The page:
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Esteban Rides Into The Sunset, Says "Thanks For The Memories"

[November 27th] -- It's begun.

Esteban Loiaza signed a three year, $21,735,000 contract with the Oakland Athletics on Monday.

Loiaza will get a $3 million dollar signing bonus with the remaining contract dollars spread out through the 2008 season. The Nationals final offer was no different from their first: Two years, $8 million dollars.

Loiaza went 12-10, 3.77 in his only season with the Washington Nationals. The Nats, with one of the smallest payrolls in major league baseball, were able to sign Loiaza because no one else wanted him. The two sides reached agreement on a one year, $2.9 million dollar contract because his 2004 season, which began with the White Sox and ended in the bullpen of the New York Yankees, was perhaps the worst of his career. A year earlier, he won 21 games and crafted a sharp 2.90 ERA. Most teams thought he would never again be a competitive hurler in the bigs. He wasn't able to find a team willing to sign him until January 29th, just a few days before spring training started.

At first blush, it seems that Loiaza's loss is a direct result of the Nationals having no ownership in place to counter the Athletics' offer. But when you think about it, why would the Nats really want to pay him that kind of money? Loiaza is going to make $7.2 million a year with the Athletics. He is going to be 35 by the end of the contract. He has a career 4.60 ERA. He is little more than a career .500 pitcher, a good middle to back-of-the rotation starter. Loiaza did a good job for the Nats, but isn't worth anywhere near $7 million a year. The Athletics, as the Blue Jays did with B.J. Ryan, grossly overpaid to secure a good, but not great pitcher.

The Nationals have a couple of young pitchers who seem ready to take Loiaza's place in the starting rotation. Jon Rauch, and Jason Bergman both pitched effectively in 2005, and both have the "stuff" to be effective pitchers. Rauch went 2-4 with a 3.60 ERA and Bergman was 2-0 with a 2.75 ERA.

Loiaza is a type "A" free agent, which gives the Nationals compensation for their free-agent loss. The team will gain a second first-round draft pick in the 2006 amateur draft. They will now have both their own #15 selection as well as the Athletics' #18 pick next season. One only has to look at the impact of Ryan Zimmerman in 2005 to see the benefit of having a second high-round draft pick next year.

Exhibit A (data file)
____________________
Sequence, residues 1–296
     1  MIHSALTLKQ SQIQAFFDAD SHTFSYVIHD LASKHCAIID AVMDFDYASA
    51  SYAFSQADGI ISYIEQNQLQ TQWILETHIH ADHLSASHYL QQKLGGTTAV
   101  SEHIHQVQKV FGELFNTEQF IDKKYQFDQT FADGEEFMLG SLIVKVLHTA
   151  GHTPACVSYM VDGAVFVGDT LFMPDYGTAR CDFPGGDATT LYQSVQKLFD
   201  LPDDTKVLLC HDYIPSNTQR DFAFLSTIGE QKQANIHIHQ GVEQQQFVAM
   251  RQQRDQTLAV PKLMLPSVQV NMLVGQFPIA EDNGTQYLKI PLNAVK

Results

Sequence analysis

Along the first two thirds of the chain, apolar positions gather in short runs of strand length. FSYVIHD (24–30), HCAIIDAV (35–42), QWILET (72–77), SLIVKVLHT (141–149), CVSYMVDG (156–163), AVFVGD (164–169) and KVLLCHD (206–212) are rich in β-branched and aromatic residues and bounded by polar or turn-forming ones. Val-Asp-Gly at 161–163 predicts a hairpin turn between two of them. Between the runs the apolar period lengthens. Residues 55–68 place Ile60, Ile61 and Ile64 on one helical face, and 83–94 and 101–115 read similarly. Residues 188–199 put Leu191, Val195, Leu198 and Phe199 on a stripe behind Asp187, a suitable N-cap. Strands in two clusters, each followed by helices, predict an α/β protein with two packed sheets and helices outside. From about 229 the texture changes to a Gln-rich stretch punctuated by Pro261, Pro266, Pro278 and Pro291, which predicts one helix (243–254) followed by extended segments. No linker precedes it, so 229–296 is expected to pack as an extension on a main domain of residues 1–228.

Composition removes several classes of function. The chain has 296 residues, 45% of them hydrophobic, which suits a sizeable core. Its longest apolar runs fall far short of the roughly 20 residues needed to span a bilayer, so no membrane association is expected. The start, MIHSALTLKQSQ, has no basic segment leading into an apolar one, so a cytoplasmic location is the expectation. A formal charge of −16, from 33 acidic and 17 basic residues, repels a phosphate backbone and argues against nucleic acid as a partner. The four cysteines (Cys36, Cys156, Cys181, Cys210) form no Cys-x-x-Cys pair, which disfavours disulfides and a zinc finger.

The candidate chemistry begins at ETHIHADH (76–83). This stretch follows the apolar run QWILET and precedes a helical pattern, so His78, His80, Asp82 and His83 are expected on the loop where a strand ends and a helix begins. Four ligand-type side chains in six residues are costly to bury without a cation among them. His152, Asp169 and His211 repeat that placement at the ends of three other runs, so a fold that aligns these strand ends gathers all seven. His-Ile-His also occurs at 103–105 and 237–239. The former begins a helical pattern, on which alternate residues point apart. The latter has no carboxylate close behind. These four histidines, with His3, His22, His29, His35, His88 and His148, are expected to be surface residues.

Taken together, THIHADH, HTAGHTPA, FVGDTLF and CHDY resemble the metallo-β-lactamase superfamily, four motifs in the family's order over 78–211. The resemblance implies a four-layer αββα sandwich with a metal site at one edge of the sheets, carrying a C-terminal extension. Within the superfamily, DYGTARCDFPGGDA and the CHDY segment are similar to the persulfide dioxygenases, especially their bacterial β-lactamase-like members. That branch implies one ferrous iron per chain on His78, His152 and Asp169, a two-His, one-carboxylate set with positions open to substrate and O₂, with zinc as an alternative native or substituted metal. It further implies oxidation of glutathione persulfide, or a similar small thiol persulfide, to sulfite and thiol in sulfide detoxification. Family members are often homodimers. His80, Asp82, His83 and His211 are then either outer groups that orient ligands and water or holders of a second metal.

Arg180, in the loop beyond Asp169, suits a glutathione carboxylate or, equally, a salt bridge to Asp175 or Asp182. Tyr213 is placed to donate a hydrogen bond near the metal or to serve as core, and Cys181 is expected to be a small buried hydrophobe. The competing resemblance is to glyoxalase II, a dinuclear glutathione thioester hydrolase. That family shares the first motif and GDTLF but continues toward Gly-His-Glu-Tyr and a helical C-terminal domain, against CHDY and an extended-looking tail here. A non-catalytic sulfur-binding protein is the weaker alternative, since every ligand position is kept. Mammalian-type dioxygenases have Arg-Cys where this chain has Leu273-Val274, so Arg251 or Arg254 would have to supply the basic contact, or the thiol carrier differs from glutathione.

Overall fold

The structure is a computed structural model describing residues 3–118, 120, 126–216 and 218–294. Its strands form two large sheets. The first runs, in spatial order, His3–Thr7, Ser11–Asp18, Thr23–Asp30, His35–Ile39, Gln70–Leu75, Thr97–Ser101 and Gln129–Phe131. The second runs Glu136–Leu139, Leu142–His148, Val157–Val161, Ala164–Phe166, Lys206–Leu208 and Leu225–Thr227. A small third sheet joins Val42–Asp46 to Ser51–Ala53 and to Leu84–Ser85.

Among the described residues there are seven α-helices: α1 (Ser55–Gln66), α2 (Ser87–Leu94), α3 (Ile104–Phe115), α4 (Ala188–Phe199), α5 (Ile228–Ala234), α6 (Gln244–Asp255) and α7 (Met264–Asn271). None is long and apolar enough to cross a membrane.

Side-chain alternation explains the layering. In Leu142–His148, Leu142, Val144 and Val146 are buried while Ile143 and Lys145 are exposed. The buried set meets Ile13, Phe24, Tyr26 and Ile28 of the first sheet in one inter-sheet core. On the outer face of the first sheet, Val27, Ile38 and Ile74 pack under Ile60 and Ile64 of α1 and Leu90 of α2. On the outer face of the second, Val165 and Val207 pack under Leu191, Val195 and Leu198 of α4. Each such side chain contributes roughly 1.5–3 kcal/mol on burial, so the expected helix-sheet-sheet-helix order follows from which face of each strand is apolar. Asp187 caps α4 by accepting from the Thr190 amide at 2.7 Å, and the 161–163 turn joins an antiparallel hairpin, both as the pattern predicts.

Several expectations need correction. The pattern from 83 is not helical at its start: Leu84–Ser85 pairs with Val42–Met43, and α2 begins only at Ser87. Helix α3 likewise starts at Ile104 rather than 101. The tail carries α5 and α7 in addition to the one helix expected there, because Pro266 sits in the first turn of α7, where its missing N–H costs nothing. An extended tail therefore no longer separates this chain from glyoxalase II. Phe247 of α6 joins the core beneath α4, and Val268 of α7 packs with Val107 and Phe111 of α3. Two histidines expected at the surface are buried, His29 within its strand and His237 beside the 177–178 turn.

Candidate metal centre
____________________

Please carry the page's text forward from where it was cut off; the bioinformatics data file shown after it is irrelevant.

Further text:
I have fond memories of Esteban, but there is no way the Nationals could afford to tie up 15% of the current payroll on a 33 year old pitcher with a decidedly "up and down" career record.

I hope he does well for Oakland, and I am confident that Rauch and/or Bergman will fill his spot in the rotation without missing a beat.

Things aren't looking particularly hopeful on the Hector Carrasco front either. When asked about the Nationals retaining the 35 year old righthander, Bowden would only say, "We continue to have dialog [with Carrasco]. I spoke to his agent, Adam Katz, a couple of days ago. We'll see."

Jim Bowden's $4 million per year offer was "spot on." That is exactly what Loiaza is worth. It's the Athletics, and not the Nationals who have to worry about the "dollars and sense" of the Loiaza deal. Jay Bergman and Jon Rauch must be warming up their arms as we speak.

Agreed re: E-Lo getting overpaid by the A's. However, I have my doubts about Rauch and Bergman (or even Carrasco) being consistent members of the rotation. Maybe have them split time as #5 starters , but otherwise keep them in long relief.
Bergman won't be starting. In fact, he turned his career around by being converted from starting to middle relief.

I do think he can be a solid middle reliever, though.
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